Māori scholarship winners announced by PHARMAC and Ngā Pou Mana
PHARMAC and Ngā Pou Mana Tangata Whenua Allied Health (Ngā Pou Mana) are pleased to announce the winners of scholarship awards for Māori kaimahi, students and community members who have had a positive impact on whānau, hapū, and iwi.
The awards support Māori allied health workforce development, so that people can continue to study and grow professional and cultural practice. They provide much needed tautoko and manaaki for Māori kaimahi and students to continue their ongoing development.
Horiana Hawaikirangi, from Tāmaki Makaurau, is one of two students who received a $1,500 Ngā Pou Mana Kete Aronui scholarship award this year, open to those studying at any level in an allied health pathway.
Horiana completed a Bachelor of Health Science at Massey University in 2019. Through her course papers and an assignment on the topic of midwifery, she realised that there was a real shortage of midwives in New Zealand - Māori midwives especially.
“I’ve always known in life I wanted to help whanau and the community and I can really apply myself here as a midwife,” Horiana says.
Allied health kaimahi make up about a third of the health workforce. They include physiotherapists, occupational therapists, social workers, speech and language therapists, dietitians, podiatrists, chiropractors, acupuncturists, psychologists, counsellors, osteopaths, nutritionists, massage therapists, and many more.
For the majority of these professions, only 2-5% of the workforce are Māori. The Ngā Pou Mana awards recognise the need to grow the Māori allied health workforce to best respond to the needs of the communities they will serve.
“I’m thankful for the opportunity to gain the scholarship and hoping to be able to use the award to gain knowledge on traditional Māori birthing practices I will be able to put into practice during my midwifery career.”
These traditional practices include using flax fibre to tie off the umbilical cord instead of clamps, and ipu whenua, a container for the placenta.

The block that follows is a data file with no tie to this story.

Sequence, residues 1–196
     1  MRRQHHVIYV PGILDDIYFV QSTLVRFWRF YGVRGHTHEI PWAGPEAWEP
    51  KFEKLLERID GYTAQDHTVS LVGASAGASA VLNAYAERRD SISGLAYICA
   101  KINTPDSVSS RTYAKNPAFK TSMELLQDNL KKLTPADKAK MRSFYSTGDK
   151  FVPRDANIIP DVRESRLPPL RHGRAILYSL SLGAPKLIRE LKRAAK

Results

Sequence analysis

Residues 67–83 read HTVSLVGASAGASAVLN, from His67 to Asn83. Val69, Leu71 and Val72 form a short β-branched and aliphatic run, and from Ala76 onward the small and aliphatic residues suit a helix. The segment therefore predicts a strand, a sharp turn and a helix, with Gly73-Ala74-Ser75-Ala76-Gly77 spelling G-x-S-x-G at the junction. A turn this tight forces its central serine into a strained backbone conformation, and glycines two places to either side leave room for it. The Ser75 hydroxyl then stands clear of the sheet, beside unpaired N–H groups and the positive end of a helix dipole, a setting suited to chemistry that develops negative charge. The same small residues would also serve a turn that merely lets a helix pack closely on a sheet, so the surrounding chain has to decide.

“Ngā Taonga Mātauranga o Ngā Pou Mana scholarships give recognition to the value of building the Māori health workforce. It also assigns the important aspect of cultural practise in the development of tauira and kaimahi who aspire to make a positive impact on whānau, hapū, and iwi,” says PHARMAC’s Chief Advisor Māori, Trevor Simpson.
“This year’s scholarship winners, as emerging leaders, are already making a valuable contribution to their communities. The awards are not only an acknowledgement of this but a gesture of reciprocity. In this way, we give appreciation to the belief that these scholarship winners will play a vital role in the future as conduits between PHARMAC and the Maori communities they serve.”
Ko Ngā Taonga Mātauranga o Ngā Pou Mana he whakawhiwhinga ki ngā tini Māori e tūmanakohia ki te whakapakari o ō rātou mātauranga hauora. Ia tau, ia tau ka tuku Te Pātaka Whaioranga i ēnei whakawhiwhinga kia whakapiki ake ngā mahi hauora kei roto rānō ngā whānau , hapū , iwi hoki. I tēnei tau e whitu ngā kaiwhiwhi e pūmau ana i ēnei paraihe. I ahu mai rātou i ngā kokonga o te motu. E mihi ake Te Pātaka Whaioranga ki a rātou . Nā , ko te wawata kia piki ake rātou ki ngā taumata hauora, hei kaihautū , kia whakaoti ai rātou i ngā tūmanako tuatinitini a iwi.
More information on the awards is available on Ngā Pou Mana’s website(external link).